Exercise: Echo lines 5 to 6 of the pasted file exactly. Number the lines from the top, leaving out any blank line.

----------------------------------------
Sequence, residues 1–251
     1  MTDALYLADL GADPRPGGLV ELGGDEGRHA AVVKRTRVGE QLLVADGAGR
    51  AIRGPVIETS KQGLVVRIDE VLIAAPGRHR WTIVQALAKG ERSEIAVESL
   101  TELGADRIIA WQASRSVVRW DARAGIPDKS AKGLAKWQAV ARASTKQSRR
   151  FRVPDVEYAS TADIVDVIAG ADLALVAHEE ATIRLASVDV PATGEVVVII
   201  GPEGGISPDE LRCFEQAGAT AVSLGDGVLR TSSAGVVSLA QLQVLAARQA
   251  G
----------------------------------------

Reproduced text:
   151  FRVPDVEYAS TADIVDVIAG ADLALVAHEE ATIRLASVDV PATGEVVVII
   201  GPEGGISPDE LRCFEQAGAT AVSLGDGVLR TSSAGVVSLA QLQVLAARQA